SS California (1923)

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SS California
SS California passing the Statue of Liberty, New York, 1925.
Career (UK) Red Ensign
Name: SS California
Namesake: California
Owner: Anchor Line
Port of registry: Glasgow
Route: Glasgow/New York
Builder: Alexander Stephen & Sons, Glasgow
Yard number: 494 [1]
Launched: 17 April 1923[1]
Identification: Official number: 1147871[2]
Fate: Crippled by German air attack 11 July 1943 and sunk the next day by the Royal Navy
General characteristics
Tonnage: 16,792 GRT [1]
Length: 167.64 m (550.0 ft)
Beam: 21.34 m (70.0 ft)
  • Steam turbines
  • Two propellers
Speed: 16 kn (30 km/h)[2]

SS California was a British steam-powered passenger ship of 16,792 tons built in 1923 for the Henderson Brothers Ltd, Glasgow.


California was built by Alexander Stephen & Sons, of Linthouse, Glasgow. Photographs of the ship taken in the 1930s show only one funnel, suggesting either a major refit, or that the original fore and aft funnels were for show only. Note the Infobox photograph shows smoke emerging only from the middle funnel.



California carried passengers between Glasgow and New York, and in 1935 she was transferred to the Anchor Line (1935) Ltd.

World War II

In 1939 she was requisitioned by the Admiralty and converted to a Armed Merchant Cruiser, and from 1942 she was used as a Troopship.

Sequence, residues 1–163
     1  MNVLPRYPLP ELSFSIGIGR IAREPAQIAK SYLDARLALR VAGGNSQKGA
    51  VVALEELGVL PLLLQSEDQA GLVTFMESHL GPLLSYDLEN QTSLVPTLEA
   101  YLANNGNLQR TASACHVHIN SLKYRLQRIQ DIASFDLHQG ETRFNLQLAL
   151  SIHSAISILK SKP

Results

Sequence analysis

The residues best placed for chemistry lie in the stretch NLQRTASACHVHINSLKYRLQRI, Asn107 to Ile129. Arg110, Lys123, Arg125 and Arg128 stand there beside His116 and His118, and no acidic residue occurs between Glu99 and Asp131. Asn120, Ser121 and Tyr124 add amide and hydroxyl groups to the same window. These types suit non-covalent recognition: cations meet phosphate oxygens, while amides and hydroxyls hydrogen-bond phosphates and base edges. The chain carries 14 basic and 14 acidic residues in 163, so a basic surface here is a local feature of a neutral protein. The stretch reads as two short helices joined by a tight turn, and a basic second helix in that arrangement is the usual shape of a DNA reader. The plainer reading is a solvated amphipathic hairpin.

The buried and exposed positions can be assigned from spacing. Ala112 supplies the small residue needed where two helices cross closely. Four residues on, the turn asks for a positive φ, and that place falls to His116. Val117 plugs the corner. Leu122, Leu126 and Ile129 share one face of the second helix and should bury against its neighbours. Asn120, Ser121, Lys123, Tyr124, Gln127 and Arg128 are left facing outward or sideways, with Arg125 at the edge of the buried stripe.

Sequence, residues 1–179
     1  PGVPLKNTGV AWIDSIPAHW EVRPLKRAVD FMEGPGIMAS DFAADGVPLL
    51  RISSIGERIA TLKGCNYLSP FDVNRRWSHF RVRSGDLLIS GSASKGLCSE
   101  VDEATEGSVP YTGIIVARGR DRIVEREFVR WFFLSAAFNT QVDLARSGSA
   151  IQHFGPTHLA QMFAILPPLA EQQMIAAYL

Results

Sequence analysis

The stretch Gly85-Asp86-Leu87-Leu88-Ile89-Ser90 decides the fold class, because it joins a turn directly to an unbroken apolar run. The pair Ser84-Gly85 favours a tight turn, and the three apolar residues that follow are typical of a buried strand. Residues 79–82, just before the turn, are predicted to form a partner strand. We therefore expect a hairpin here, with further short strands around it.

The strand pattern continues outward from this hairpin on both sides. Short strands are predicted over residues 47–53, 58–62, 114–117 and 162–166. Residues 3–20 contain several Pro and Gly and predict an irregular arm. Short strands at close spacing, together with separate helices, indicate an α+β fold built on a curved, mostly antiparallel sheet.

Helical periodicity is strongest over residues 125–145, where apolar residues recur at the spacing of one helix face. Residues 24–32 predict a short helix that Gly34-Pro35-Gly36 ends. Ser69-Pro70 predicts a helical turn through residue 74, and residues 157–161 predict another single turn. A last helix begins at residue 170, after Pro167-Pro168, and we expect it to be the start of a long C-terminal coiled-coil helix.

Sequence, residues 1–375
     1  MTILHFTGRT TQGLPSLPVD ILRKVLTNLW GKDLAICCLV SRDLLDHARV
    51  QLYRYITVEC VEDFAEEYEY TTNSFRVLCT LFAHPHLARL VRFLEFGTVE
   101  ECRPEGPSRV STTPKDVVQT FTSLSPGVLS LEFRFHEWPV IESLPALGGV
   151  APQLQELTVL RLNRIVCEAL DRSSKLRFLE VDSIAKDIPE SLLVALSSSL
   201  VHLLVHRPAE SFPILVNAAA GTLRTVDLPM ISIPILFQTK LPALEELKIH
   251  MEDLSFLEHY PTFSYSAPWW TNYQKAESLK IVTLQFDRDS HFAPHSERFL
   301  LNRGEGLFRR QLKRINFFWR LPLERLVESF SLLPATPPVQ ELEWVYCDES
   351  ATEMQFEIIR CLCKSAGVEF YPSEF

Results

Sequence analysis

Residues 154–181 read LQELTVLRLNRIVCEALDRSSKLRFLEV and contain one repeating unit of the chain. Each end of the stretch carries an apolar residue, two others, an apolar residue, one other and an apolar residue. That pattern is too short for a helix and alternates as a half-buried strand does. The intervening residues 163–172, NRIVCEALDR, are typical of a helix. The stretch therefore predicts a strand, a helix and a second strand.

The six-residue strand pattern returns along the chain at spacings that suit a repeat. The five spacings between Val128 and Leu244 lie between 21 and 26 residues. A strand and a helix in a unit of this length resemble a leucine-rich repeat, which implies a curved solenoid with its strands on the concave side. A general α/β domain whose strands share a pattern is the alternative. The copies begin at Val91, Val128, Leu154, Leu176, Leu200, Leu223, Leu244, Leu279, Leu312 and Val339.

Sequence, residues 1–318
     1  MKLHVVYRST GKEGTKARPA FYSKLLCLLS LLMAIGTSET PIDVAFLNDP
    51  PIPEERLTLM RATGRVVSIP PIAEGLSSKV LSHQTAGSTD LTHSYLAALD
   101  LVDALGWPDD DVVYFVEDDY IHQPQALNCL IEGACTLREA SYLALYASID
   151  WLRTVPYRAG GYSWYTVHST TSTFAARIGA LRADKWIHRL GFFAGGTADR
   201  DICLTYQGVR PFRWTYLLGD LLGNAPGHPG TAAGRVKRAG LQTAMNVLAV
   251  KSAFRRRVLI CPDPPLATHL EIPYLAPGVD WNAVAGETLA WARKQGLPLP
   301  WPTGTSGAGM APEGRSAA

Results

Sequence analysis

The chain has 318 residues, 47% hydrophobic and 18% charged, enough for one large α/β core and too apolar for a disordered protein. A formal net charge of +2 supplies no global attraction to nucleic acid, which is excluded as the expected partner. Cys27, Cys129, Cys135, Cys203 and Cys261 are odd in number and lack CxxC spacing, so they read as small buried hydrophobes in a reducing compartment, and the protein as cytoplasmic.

On 8 July 1943 the small fast Convoy Faith, comprising MV Port Fairy, the troopships Duchess of York and California, and escorted by the destroyer HMS Douglas and the frigate HMS Moyola, sailed Port Glasgow, Scotland, for Freetown, Sierra Leone. On the evening of 10 July the convoy made rendezvous with the Canadian destroyer HMCS Iroquois 500 miles WSW of Land's End. On 11 July 1943 when about 300 miles west of Vigo, Spain, the convoy was attacked by three Focke-Wulf Fw 200 aircraft of Kampfgeschwader 40[3] based at Merignac near Bordeaux.

File:Focke Wulf Fw200.jpg
Focke Wulf Fw200

Accurate high-altitude bombing left the Duchess of York and California blazing.[4] Both ships were abandoned, and in the early hours of 12 July[4] they were sunk by Royal Navy torpedoes in position 41°15′N 15°24′W / 41.25°N 15.4°W / 41.25; -15.4[5] as it was feared the flames from the ships would attract U boats. The attack cost the lives of 46 servicemen and crew.[6]

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